- Install an audio router
- Match an AM transmitter to a new tower
- Wire an ethernet patch panel
- Program a wireless access point
- Install an IP router
- Manage a new tower project
- Install a new transmitter
- Re-install an old transmitter
- Make NRSC measurements on an AM transmitter
- Repair a corrupt OS
- Replace a hard drive
- Reboot a server
- Fix a reel-to-reel machine
- Install a computer program
- Clean a console
- Pass an inspection by the fire marshal
To name a few. In other words, there are a lot of complex systems at a multi-station radio facility. Some of this can be learned at various schools and colleges. A lot of it is experience. There is no substitute for an experienced veteran broadcaster who has seen almost everything and can think on his or her feet.
I have had this discussion with the market manager, and he gets it. I know that he understands and knows more about the ins and outs of all of our studio and transmitter sites. Things like, where is the water shutoff, the handle is broken off of the toilet on the second floor. Of course, I know it is downstairs in the furnace room next to the fire sprinkler system.
I know where the skeletons are buried. I have the inside numbers for the utility companies and the phone company. I know the code enforcement officer for most of the municipalities where we own buildings and property.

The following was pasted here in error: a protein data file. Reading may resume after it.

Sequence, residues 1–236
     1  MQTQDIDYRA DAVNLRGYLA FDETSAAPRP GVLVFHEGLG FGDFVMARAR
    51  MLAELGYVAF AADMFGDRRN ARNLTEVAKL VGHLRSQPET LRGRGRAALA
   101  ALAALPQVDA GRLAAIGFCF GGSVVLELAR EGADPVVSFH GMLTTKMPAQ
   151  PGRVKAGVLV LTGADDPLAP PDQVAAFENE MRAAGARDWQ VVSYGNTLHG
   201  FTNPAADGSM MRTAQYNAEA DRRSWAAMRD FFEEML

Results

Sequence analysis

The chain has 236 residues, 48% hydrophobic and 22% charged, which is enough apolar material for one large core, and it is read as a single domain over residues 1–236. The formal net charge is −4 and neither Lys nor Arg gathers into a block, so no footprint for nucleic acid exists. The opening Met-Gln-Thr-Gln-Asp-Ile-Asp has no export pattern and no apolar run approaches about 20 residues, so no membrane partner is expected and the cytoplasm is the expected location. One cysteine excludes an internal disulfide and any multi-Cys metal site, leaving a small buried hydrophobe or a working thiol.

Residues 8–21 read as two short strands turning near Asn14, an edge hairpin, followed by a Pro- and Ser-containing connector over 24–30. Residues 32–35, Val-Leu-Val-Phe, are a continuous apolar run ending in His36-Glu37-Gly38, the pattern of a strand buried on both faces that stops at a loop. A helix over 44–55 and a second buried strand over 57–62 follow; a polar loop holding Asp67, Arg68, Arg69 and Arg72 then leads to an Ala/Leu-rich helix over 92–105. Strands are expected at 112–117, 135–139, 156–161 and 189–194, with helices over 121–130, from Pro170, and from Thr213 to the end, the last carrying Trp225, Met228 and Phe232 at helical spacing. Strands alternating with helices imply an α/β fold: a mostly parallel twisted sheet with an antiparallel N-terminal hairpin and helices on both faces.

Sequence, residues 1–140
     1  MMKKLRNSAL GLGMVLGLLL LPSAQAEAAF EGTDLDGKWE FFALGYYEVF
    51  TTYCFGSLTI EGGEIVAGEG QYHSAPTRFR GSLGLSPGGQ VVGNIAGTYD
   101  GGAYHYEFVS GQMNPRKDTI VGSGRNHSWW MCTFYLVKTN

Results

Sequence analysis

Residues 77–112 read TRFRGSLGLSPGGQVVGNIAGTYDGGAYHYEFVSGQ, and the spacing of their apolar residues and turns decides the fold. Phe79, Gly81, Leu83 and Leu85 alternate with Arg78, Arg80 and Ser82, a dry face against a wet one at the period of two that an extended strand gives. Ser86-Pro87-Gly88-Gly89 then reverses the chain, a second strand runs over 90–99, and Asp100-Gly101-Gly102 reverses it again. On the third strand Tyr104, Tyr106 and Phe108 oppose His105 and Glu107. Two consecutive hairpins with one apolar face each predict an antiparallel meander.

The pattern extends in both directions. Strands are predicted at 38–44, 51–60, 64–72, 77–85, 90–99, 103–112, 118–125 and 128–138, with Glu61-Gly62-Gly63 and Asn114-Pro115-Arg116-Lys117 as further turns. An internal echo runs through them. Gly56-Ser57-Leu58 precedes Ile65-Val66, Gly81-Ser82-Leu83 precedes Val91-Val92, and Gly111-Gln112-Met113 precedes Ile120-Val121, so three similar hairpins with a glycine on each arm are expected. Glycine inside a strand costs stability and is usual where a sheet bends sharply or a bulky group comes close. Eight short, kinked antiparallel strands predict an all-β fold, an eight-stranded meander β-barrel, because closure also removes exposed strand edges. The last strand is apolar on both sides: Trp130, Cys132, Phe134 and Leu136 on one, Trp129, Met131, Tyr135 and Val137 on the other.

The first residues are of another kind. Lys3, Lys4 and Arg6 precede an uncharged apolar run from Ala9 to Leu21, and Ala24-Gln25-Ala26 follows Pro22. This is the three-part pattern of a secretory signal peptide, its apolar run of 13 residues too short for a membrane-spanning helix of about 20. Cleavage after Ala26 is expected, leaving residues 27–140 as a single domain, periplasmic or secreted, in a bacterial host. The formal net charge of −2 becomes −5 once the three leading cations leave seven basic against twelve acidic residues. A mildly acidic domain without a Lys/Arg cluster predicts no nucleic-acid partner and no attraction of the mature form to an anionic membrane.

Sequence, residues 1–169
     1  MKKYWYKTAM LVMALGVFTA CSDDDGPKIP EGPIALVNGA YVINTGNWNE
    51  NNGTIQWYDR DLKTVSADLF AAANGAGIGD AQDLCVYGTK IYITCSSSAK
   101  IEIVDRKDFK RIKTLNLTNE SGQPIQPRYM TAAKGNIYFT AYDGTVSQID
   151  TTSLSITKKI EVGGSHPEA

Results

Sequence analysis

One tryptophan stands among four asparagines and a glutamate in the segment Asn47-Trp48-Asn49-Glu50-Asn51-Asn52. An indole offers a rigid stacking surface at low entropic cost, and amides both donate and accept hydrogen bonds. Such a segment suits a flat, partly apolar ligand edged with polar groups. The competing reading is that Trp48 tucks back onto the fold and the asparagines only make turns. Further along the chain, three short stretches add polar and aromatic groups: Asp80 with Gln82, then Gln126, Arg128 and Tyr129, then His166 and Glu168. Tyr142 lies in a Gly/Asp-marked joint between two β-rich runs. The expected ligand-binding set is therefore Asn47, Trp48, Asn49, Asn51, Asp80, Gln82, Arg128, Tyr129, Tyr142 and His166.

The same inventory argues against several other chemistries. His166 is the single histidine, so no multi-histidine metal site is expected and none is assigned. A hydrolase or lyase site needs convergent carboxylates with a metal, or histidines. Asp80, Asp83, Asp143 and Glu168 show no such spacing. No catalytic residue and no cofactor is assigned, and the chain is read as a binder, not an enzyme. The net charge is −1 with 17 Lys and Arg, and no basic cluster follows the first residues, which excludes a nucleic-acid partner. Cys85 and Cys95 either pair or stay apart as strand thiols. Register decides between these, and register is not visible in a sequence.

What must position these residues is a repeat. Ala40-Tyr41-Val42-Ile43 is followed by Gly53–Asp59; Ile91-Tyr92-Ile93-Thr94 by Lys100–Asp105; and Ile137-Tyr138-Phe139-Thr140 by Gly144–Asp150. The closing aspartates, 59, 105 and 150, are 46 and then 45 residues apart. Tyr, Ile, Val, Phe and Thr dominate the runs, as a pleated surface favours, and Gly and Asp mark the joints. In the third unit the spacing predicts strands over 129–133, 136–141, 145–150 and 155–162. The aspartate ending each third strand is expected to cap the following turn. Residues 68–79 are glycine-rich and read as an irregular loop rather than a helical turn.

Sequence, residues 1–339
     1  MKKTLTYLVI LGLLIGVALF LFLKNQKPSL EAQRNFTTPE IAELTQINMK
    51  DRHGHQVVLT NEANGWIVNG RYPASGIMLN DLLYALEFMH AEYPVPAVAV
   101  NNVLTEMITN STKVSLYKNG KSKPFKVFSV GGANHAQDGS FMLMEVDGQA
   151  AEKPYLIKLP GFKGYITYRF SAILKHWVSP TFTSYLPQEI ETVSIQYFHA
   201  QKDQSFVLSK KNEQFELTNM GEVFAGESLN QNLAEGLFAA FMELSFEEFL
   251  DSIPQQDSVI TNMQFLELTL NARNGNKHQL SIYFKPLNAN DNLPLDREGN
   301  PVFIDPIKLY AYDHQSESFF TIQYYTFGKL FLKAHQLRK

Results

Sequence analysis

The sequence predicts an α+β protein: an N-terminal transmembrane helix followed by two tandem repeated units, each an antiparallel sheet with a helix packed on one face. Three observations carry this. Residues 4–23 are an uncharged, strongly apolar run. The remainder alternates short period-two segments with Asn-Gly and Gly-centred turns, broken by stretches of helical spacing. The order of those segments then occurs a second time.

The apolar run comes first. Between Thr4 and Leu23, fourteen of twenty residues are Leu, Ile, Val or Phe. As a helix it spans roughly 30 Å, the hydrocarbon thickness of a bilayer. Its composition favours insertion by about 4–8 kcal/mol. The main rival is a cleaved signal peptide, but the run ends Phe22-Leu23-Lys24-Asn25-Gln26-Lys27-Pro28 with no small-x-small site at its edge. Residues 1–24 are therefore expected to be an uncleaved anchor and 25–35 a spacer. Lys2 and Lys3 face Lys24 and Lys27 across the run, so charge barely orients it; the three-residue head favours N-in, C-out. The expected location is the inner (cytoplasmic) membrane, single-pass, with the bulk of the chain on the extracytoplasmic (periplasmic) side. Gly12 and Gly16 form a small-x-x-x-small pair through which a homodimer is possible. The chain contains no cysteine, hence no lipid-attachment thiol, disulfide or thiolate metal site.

Yet, the only thing they see is X.
11 thoughts on “New Broadcast Engineer”
I know of several colleagues who were “downsized” as upper management saw them as nothing more than a number. I myself had worked at several stations while maintaining another full-time position as it was quite evident they never realized the value of the talent a professional broadcast engineer brings to the table. The larger groups who no longer maintain their own on-staff engineers are bound to learn from their mistake, be it with added downtime of their on-air signals or major inconveniences and other incidental equipment failures thanks to management attempting to squeeze every last penny out of an operation.
See, I’m not that old (36) but I stared working in radio when I was 15 and sense evolved to be unemployed. Funny. I don’t know how to fix a “18 KVA UPS” or an old crt tv but I know the rest. I know how to solder and even read and understand manual in a language that is not my.